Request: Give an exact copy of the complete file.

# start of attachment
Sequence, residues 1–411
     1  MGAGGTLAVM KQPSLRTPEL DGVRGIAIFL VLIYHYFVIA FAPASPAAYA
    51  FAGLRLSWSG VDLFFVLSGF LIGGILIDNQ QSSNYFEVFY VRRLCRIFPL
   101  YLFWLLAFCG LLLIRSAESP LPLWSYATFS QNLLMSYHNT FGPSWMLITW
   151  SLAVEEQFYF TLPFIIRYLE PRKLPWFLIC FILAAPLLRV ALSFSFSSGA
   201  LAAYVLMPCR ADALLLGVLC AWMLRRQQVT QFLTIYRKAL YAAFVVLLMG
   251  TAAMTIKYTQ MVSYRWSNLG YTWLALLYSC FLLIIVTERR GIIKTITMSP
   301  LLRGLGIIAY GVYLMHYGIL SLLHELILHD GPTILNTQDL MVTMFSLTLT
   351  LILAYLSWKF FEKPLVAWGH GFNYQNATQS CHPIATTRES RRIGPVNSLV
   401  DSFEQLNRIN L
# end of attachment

Sequence, residues 1–411
     1  MGAGGTLAVM KQPSLRTPEL DGVRGIAIFL VLIYHYFVIA FAPASPAAYA
    51  FAGLRLSWSG VDLFFVLSGF LIGGILIDNQ QSSNYFEVFY VRRLCRIFPL
   101  YLFWLLAFCG LLLIRSAESP LPLWSYATFS QNLLMSYHNT FGPSWMLITW
   151  SLAVEEQFYF TLPFIIRYLE PRKLPWFLIC FILAAPLLRV ALSFSFSSGA
   201  LAAYVLMPCR ADALLLGVLC AWMLRRQQVT QFLTIYRKAL YAAFVVLLMG
   251  TAAMTIKYTQ MVSYRWSNLG YTWLALLYSC FLLIIVTERR GIIKTITMSP
   301  LLRGLGIIAY GVYLMHYGIL SLLHELILHD GPTILNTQDL MVTMFSLTLT
   351  LILAYLSWKF FEKPLVAWGH GFNYQNATQS CHPIATTRES RRIGPVNSLV
   401  DSFEQLNRIN L